Manipur conflict: Can we rise above our ethnic affiliation?
Manipur protests (file photo)

The gathering organised by Shillong Times to commemorate their 78th year of founding on August 12, 2023 was illuminated by the presence of Vrinda Grover, an eminent Supreme Court lawyer and Member of the Ukraine Commission of Inquiry. Listening to her talk about the legal landscape and the challenges that the Indian Constitution is facing was very illuminating and, at the same time, highly inspiring. Of great importance to people from the northeast, though, were her observations on Manipur. After all, the conflict in Manipur is something that is happening close to home, and how the country reacts to Manipur serves as a template for how they will react to such events in other parts of the region, including Meghalaya.

Of particular interest was her observation of a clear divide based on ethnic affiliation among the human rights fraternity after the conflict began. Indeed, the interview of Meitei human rights activist Babloo Loitongbam by Karan Thapar was a very good example of that divide.

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Many who watched the interview might have gained the impression that Babloo Loitongbam was attempting to bridge the divide between the Meitei and the Kuki-Zomi by demonstrating fairness and impartiality. However, there were moments during the interview that indicated otherwise. One such occasion arose when Karan Thapar enquired about the Kuki-Zomi’s demand to prevent the Manipur police, who were reported to have taken a biased stance in the conflict, from entering the hills. Babloo responded by pointing out that the Manipur police consisted of not only Meiteis but also other communities.

This, in my view, appeared to push two narratives: firstly, suggesting that if any partisan conduct occurred within the police force, it wasn’t exclusive to the Meiteis; and secondly, implying that apart from the Kuki-Zomi, other ethnic groups within the state had no issues with the Manipur police. In essence, Babloo seemed to imply that the Kuki-Zomi demand lacked validity. It was only when Karan Thapar persisted in proposing a quid pro quo – suggesting that if the Assam Rifles were to be withdrawn from the valley as demanded by the Meiteis, the Manipur police should also withdraw from the hills – that Babloo eventually acquiesced to the idea.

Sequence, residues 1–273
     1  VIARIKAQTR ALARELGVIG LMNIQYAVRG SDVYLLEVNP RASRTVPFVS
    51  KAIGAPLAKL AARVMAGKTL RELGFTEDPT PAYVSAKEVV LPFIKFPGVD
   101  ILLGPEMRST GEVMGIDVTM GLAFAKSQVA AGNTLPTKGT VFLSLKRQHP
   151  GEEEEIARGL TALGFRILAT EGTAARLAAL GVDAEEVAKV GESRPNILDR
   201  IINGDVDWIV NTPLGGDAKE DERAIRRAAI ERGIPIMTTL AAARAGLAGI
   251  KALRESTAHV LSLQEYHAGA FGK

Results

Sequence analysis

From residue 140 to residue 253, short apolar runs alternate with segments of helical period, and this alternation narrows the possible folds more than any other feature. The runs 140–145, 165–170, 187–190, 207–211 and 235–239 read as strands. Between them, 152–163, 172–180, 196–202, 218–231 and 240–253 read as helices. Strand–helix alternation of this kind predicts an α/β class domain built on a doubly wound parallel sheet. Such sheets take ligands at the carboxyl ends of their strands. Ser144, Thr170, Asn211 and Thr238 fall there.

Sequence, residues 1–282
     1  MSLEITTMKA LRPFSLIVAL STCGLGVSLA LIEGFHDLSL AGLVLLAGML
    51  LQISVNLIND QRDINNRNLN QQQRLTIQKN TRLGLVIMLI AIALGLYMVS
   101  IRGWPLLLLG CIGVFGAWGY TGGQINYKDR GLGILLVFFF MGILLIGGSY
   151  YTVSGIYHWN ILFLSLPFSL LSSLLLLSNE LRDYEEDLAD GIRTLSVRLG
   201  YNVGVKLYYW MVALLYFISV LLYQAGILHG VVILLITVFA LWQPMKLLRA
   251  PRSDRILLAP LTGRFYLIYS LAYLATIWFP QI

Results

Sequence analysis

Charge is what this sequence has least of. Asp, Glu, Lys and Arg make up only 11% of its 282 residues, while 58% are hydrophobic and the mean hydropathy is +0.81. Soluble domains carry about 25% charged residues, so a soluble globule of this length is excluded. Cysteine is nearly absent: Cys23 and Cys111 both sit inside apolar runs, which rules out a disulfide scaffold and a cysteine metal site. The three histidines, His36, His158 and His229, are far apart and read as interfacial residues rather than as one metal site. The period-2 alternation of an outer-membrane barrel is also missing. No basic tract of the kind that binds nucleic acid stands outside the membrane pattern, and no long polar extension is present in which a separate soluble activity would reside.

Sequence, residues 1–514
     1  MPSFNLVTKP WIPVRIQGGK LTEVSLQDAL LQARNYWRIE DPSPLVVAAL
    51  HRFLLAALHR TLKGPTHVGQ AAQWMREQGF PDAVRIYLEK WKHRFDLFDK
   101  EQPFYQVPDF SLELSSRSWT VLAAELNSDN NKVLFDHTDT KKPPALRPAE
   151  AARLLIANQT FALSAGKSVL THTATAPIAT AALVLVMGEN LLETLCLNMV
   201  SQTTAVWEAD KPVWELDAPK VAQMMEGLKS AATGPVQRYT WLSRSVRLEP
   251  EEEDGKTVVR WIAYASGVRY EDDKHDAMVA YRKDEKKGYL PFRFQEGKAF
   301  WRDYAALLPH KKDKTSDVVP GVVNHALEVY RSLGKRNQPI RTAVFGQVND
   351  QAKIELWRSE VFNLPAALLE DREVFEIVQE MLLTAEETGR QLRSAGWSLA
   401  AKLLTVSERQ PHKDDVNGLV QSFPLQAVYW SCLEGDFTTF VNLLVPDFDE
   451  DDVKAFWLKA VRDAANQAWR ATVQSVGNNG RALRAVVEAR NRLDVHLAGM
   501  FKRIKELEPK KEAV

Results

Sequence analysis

Babloo’s sympathetic inclination towards his ethnic community was further revealed on another occasion when he was questioned about the role of Meira Paibi in the ongoing conflict. While acknowledging their problematic behaviour, he also emphasised their significance and accorded them greater importance than even the Army in safeguarding society. However, the situation on the ground contradicts this perspective, as there is evidence that Meira Paibis not only assisted the rioters but have themselves faced accusations of engaging in violence and facilitating the victimisation of Kuki-Zomi women by Meitei miscreants.

If Meira Paibis indeed play a role in protecting society, it appears that the well-being of the non-Meitei population takes a backseat in that society, considering the recent events that have unfolded. Then there’s the statement towards the end where Babloo discusses the history of Manipur as perceived by the Meitei and the notion of abiding by it, whether one approves or not. In essence, the message conveyed was that Manipur’s territorial integrity should and will remain uncompromised.